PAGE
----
The first three recipients of the Brain Gain program — April Bledsoe, Jeffery Newcomer, and Aaron Diers — were announced at a ceremony on November 4, and each boast a list of accomplishments that make you feel guilty for spending evenings watching re-runs of Law & Order. April Bledsoe and Jeffrey Newcomer both work at International Truck and Engine Corporation. Newcomer earned his Bachelor’s from IPFW and his Master of Science Degree from Purdue, and coaches basketball at the Old Fort YMCA in his spare time. Bledsoe is a member of the Society of Automotive Engineers and Society of Women Engineers, with volunteer work that includes Habitat for Humanity, United Way Day-of-Caring, and tutoring elementary students. Diers is a Magna Cum Laude graduate of Indiana Tech and is currently working on his Masters Degree in computer science at IPFW. He works in the IT department at Indiana Tech and also teaches there…

The rules of the “Brain Gain” program state that recipients must remain employed in the area in order to receive the subsequent installments. They don’t have to stay in the same job, of course, but they do have to stay within one of the fields designated by the program, and they do have to be employed in Allen County. This year’s three recipients don’t see a problem with that. April Bledsoe, a graduate of Purdue University who is pursuing an MSE at Indiana Tech, grew up and worked in Indianapolis for several years. She says she likes what Fort Wayne has to offer. “You get what you need from a large city, but it has a small community feel,” Bledsoe says. “It’s the second-largest city in Indiana, but it doesn’t feel like it.”

Even though the program is designed to help students pay back educational loans, Grinsfelder says the size of the outstanding debt wasn’t a factor. What was an important factor were non-work-related community activities. Grinsfelder says they took a close look at whether applicants had participated in any community activities or had an interest in contributing back to the community.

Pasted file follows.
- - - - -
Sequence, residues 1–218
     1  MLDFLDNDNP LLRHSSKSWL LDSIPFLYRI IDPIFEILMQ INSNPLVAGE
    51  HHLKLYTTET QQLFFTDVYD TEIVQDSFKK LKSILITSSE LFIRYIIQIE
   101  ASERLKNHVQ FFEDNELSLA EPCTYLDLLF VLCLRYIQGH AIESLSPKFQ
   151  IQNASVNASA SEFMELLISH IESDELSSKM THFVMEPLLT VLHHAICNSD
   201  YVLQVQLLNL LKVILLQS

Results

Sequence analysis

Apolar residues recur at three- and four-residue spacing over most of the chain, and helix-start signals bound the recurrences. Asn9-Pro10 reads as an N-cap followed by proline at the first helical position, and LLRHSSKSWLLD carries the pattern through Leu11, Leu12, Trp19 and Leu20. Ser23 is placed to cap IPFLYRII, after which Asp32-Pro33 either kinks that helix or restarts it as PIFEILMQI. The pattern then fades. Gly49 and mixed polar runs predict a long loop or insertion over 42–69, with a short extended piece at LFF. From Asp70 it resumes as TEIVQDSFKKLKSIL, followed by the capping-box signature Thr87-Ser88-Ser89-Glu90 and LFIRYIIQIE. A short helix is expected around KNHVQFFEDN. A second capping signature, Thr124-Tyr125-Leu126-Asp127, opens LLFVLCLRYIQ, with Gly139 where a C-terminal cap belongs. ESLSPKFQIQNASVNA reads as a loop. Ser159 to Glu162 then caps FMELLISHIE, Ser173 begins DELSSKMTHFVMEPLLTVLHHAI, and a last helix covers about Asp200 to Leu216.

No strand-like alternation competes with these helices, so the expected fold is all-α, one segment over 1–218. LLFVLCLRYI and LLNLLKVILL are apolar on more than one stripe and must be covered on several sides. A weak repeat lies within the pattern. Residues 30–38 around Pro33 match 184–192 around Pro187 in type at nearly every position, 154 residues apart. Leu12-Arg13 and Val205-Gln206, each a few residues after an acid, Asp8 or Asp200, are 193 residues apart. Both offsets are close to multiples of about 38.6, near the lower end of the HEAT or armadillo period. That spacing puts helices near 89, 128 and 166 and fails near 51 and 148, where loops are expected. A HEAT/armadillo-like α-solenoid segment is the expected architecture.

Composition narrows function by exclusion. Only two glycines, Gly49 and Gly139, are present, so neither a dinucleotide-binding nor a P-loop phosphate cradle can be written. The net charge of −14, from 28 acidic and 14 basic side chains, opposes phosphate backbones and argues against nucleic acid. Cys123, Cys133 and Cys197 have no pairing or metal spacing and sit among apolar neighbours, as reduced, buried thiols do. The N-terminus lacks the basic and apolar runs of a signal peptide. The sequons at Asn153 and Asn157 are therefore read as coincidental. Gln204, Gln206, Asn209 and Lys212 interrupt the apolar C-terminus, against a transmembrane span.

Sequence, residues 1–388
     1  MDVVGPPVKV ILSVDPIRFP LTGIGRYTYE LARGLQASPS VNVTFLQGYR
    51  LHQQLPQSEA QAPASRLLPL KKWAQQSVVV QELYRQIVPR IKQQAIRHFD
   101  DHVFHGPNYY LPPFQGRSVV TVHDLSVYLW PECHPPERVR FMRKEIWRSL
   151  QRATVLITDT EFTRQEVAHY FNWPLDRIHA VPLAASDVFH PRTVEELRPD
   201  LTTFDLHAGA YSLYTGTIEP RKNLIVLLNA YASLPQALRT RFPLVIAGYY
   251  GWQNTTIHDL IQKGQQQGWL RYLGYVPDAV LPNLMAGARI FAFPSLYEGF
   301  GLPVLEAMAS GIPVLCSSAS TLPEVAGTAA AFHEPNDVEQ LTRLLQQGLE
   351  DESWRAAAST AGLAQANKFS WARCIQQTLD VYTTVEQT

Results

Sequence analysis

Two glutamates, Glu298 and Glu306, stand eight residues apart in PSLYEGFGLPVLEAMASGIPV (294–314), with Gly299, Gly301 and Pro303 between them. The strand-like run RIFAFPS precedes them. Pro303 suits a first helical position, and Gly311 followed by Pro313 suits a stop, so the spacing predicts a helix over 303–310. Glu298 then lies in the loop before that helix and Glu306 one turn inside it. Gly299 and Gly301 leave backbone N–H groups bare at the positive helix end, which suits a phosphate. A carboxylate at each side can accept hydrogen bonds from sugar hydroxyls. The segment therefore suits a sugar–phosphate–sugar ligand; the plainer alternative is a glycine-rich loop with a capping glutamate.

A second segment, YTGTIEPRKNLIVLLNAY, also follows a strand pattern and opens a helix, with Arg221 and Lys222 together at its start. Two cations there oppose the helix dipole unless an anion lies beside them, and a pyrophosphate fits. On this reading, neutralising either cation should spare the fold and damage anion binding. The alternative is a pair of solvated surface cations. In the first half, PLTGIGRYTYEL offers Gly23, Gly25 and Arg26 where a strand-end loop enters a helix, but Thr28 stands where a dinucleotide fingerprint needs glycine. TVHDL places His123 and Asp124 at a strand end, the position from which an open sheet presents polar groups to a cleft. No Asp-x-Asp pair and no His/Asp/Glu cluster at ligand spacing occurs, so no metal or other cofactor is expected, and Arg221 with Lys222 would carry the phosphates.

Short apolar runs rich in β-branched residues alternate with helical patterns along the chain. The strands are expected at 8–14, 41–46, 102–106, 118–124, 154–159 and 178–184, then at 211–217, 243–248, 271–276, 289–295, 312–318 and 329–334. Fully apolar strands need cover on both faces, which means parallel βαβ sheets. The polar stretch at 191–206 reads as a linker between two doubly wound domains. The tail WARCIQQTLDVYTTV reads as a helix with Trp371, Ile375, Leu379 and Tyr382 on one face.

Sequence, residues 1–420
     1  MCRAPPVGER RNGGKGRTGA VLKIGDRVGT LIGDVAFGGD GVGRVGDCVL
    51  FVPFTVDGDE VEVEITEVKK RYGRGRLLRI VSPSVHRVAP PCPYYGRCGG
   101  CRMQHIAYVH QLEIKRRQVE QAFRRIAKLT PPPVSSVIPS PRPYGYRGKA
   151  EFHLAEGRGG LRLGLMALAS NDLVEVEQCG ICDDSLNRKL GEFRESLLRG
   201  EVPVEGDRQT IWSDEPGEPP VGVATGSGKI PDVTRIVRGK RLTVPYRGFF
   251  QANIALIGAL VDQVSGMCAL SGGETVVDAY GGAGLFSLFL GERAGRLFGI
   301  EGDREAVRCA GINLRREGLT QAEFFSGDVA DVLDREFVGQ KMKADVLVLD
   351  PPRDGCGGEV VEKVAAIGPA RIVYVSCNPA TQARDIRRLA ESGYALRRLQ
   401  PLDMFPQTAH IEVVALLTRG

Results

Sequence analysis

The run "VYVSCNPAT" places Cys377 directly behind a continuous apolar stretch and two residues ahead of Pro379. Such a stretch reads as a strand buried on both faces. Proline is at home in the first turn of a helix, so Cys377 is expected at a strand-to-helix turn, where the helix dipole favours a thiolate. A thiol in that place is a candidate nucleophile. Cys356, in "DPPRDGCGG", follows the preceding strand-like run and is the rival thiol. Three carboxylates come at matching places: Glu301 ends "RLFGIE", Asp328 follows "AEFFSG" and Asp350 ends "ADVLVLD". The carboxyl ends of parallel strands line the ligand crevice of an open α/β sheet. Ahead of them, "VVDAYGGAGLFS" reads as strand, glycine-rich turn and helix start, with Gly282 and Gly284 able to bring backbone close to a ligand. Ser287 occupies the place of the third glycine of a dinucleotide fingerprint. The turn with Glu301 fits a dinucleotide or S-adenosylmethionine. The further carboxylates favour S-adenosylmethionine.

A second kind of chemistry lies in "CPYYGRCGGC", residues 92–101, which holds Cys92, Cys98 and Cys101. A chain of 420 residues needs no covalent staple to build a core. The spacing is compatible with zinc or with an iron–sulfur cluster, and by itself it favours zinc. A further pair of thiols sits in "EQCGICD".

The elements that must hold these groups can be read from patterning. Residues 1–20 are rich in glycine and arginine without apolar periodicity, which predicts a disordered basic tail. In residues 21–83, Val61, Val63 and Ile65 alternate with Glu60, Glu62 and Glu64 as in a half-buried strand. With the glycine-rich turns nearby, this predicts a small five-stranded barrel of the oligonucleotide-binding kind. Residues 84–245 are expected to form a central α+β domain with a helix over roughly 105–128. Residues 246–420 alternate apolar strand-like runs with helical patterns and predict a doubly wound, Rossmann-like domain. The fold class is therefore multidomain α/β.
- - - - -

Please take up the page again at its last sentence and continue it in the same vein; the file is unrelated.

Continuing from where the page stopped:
“I think the committee was more interested in their potential and their interest in the community,” Grinsfelder adds. “Councilman Crawford mentioned (at the ceremony) that maybe they would start business. I don’t suppose their employers would like to hear that at this point, but we were hoping to choose the kinds of people who may sometime in the future develop a business and increase employment in Allen County.”

Crawford says he sees the “Brain Gain” program as just one factor in making Fort Wayne competitive in a high-tech economy. “You have to have the jobs, you have to have the infrastructure, you have to have the quality of life, and if you’ve got one more hook to try to attract them in helping pay off their loans, maybe you’ll have enough to beat out some other city that’s competing for the same people.”

Applications for the next Brain Gain awards must be submitted to the Fort Wayne Educational Foundation by April 1, 2006. Call (260) 481-6256.